The introduction of Act No. 90/2012 Coll., on Business Companies and Cooperatives (the Business Corporations Act) gave rise to a widespread view that a company could be represented by its director acting together with a registered proxy. 

In its decision no. 29 Cdo 387/2016 on October 31, 2017, the Supreme Court held that a limited liability company’s Memorandum of Association might require the company to be represented by several of its directors acting together (the so-called four-eyes principle) or else limit this power to certain directors. The Court ruled, however, that this joint action by authorised directors could not depend on the actions of others who were not themselves directors of the company.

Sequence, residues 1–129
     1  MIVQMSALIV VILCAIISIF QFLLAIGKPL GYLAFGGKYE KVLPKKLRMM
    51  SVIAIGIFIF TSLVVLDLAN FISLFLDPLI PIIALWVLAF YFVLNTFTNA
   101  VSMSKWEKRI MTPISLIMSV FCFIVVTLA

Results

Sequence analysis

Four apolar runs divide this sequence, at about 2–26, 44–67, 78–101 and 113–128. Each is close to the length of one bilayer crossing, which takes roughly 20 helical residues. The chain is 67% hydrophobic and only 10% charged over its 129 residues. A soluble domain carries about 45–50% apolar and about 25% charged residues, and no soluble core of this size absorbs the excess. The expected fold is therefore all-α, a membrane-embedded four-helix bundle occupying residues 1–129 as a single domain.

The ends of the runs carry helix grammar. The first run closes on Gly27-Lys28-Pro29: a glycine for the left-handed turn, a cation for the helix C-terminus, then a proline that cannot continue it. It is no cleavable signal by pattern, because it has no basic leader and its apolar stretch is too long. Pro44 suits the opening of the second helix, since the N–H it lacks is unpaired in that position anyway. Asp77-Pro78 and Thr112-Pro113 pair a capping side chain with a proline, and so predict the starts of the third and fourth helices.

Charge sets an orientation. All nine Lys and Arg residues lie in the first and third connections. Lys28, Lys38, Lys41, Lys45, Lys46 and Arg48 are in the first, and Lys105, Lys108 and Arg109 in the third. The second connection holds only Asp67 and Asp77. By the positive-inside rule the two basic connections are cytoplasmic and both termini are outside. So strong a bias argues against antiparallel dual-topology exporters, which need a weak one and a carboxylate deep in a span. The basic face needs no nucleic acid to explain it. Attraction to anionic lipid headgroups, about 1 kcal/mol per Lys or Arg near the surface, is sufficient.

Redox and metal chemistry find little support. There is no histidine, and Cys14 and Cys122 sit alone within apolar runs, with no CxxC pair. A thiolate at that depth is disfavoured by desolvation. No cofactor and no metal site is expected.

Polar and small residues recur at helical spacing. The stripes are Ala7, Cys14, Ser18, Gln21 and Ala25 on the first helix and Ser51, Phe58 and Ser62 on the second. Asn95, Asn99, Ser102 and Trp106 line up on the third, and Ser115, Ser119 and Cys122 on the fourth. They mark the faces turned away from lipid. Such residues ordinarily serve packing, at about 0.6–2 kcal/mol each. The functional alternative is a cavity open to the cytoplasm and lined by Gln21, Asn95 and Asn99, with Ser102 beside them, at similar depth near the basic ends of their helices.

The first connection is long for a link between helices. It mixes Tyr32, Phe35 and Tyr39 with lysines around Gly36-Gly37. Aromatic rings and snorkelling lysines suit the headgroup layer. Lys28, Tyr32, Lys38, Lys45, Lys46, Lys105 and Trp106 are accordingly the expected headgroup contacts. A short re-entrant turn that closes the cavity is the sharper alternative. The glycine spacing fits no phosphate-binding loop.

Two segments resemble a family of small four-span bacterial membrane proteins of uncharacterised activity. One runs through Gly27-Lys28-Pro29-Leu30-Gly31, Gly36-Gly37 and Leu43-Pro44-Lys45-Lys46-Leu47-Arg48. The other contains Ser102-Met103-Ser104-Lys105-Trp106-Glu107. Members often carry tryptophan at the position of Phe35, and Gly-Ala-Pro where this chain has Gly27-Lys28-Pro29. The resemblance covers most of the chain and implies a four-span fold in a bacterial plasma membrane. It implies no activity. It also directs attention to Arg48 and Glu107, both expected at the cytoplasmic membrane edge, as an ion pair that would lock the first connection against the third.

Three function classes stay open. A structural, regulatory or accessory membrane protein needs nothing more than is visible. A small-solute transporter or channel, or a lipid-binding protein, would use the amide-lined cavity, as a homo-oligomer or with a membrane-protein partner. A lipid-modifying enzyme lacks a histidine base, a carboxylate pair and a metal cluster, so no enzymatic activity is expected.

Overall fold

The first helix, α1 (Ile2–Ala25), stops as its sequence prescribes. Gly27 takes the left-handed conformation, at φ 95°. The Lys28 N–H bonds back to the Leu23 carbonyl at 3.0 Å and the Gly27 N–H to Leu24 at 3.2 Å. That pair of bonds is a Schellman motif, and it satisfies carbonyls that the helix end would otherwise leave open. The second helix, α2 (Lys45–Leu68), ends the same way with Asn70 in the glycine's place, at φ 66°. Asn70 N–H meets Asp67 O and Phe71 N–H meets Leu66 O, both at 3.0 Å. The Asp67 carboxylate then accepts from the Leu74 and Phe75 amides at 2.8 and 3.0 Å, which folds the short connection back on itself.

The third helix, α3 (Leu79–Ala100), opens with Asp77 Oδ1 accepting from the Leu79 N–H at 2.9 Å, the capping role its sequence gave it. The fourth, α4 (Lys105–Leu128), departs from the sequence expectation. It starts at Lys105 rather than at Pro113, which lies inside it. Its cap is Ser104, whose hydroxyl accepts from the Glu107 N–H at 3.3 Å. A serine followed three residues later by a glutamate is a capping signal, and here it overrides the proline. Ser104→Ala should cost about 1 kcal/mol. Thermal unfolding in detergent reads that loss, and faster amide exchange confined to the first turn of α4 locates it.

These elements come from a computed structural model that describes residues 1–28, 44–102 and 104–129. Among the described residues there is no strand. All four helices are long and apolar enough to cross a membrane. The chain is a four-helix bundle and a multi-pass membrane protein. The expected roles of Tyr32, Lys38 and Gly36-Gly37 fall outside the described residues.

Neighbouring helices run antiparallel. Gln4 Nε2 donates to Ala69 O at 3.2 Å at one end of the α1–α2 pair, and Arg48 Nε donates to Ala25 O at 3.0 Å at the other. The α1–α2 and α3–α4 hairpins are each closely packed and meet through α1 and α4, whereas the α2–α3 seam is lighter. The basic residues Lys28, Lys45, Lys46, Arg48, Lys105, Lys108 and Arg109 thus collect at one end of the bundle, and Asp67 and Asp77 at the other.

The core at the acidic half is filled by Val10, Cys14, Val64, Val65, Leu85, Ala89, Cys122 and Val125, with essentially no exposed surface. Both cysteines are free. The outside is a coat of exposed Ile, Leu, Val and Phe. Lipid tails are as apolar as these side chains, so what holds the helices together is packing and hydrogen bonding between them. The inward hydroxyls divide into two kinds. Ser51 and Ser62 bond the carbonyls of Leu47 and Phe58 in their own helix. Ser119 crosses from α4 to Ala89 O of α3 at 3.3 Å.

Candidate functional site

The Supreme Court, thus, found that any provision in the Articles of Association that allows for the company’s representation by a director and registered proxy acting jointly is unlawful (Section 1(2) and Section 164 (2) of Act No. 89/2012 Coll., the Civil Code). Such provisions clearly violate the rules on the legal standing of individuals and entities and the requirements of public order. They are therefore invalid and must be disregarded by the courts even if this is not requested by any party (Section 588 of the Civil Code).

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